Table_1_Beneficial Role of Rosuvastatin in Blood–Brain Barrier Damage Following Experimental Ischemic Stroke.doc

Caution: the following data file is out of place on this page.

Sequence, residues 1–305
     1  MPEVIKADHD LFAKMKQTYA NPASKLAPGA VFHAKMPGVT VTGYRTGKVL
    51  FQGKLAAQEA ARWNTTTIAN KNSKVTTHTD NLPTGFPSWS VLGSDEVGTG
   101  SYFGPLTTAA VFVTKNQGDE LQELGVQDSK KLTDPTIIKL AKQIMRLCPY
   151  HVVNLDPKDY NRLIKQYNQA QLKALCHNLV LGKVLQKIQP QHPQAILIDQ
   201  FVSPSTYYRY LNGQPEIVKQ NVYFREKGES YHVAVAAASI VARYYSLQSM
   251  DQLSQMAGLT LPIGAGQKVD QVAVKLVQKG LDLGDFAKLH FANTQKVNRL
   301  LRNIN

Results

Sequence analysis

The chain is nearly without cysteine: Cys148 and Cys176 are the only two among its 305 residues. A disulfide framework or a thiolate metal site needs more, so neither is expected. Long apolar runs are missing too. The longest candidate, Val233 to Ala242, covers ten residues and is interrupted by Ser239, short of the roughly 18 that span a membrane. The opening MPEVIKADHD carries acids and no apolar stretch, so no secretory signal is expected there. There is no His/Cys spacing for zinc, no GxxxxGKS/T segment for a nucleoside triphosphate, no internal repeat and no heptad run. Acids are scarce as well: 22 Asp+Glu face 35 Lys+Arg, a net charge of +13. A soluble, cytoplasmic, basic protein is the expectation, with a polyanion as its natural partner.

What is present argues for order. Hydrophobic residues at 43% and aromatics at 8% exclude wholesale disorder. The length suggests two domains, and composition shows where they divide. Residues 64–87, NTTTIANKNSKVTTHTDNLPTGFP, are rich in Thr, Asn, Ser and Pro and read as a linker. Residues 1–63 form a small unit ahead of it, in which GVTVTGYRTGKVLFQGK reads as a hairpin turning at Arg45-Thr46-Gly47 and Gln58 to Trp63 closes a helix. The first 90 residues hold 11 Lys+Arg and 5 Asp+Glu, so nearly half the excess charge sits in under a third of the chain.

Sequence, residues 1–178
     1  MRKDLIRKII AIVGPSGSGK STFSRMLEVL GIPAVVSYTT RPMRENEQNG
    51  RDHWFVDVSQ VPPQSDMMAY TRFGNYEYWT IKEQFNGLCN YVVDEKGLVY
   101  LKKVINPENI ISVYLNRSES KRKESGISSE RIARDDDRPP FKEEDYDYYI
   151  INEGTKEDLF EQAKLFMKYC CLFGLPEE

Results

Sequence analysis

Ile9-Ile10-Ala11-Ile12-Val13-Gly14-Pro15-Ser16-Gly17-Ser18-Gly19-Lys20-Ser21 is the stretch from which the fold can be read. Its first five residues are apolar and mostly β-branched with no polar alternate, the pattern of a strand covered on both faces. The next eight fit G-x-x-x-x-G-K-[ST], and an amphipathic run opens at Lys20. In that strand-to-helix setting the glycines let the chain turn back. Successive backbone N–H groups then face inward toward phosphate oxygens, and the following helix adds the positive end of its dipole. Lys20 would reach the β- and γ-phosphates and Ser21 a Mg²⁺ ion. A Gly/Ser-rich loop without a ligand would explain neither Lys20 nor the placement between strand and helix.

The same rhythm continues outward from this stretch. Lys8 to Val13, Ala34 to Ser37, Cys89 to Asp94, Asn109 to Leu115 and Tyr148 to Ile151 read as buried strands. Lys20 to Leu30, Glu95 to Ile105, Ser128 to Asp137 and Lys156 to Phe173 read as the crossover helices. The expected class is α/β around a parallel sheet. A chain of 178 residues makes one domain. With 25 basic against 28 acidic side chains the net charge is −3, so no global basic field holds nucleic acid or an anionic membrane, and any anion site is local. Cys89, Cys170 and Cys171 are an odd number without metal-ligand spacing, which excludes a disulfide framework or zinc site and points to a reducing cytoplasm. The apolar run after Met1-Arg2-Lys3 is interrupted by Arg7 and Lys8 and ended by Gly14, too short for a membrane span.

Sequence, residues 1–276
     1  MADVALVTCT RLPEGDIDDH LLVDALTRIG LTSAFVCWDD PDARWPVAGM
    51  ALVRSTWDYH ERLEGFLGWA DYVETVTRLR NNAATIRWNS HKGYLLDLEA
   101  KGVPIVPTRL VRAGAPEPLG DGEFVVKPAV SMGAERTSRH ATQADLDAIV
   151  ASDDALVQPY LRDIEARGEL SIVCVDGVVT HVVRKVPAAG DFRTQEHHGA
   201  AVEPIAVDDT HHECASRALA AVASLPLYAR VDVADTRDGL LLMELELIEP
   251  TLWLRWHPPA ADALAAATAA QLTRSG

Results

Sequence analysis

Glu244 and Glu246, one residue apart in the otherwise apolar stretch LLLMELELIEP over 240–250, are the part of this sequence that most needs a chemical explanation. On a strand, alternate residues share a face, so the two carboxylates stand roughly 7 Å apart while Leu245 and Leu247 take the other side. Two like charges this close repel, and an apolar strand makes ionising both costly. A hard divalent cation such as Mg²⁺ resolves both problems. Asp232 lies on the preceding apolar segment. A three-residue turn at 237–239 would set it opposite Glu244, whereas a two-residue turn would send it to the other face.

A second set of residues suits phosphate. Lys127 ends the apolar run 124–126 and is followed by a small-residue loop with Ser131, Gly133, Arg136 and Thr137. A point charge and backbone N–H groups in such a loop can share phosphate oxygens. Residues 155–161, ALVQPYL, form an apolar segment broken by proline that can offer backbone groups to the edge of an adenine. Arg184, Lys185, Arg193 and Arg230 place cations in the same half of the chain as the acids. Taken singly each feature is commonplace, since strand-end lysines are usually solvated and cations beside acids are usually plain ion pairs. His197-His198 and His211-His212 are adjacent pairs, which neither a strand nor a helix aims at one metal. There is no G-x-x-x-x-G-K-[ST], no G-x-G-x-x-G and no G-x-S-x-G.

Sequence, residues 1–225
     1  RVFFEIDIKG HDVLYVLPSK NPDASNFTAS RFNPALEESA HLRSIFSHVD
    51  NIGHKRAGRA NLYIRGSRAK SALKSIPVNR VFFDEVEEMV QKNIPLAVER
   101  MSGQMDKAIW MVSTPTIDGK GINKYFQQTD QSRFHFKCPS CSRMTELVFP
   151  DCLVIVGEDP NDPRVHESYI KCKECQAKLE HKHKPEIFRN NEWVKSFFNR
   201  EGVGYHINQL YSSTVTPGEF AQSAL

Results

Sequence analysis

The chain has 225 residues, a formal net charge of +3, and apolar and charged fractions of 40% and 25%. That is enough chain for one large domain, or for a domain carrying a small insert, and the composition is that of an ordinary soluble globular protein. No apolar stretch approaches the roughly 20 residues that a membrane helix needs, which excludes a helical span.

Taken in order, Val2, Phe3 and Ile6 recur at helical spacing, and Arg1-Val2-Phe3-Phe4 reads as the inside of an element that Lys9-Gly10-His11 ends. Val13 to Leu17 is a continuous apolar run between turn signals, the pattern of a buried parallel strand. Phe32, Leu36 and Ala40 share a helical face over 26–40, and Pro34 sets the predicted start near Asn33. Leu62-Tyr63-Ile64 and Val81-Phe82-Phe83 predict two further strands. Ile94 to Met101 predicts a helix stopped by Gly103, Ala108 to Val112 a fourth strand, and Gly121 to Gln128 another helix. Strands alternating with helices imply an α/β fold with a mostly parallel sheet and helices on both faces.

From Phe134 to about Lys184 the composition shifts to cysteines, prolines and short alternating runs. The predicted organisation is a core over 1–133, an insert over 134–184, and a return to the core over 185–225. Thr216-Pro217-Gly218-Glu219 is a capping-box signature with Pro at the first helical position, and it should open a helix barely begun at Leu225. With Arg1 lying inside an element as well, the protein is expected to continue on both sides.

Hemorrhage transformation is the most challenging preventable complication in thrombolytic therapy and is related to recombinant tissue plasminogen activator (rt-PA)-induced blood–brain barrier (BBB) damage. Intraperitoneal injections of normal or high doses of rosuvastatin were administered to Balb/c mice 20 min prior to middle cerebral artery occlusion (MCAO) surgery for 3 h followed by reperfusion with rt-PA thrombolytic therapy and cerebral blood flow monitoring to investigate whether a high or normal dose of rosuvastatin reduces BBB damage after brain ischemia and rt-PA reperfusion. The integrity of the BBB was ameliorated by normal and high doses of rosuvastatin as determined from Evans blue staining, ultrastructure assessments and immunochemistry at 24 h after reperfusion. The levels of TJ proteins were preserved, potentially by targeting platelet-derived growth factor receptor α (PDGFR-α) and low-density lipoprotein receptor-related protein 1 (LRP1) to inhibit the expression of matrix metalloproteinase proteins (MMPs) by reducing the levels of phosphorylated c-jun-N-terminal kinase (pJNK), phosphorylated mitogen-activated protein kinase (MAPK) p38 (pP38) and increasing the levels of phosphorylated extracellular regulated protein kinases (pERK), and tissue inhibitor of metalloproteinases (TIMPs), as inferred from Western blotting and molecular docking analyses. In summary, rosuvastatin reduced rt-PA therapy-associated BBB permeability by PDGFR-α- and LRP1-associated MAPK pathways to reduce the mortality of mice, and a normal dose of rosuvastatin exerted greater preventative effects on reducing BBB damage than did a high dose in the time window of thrombolytic therapy.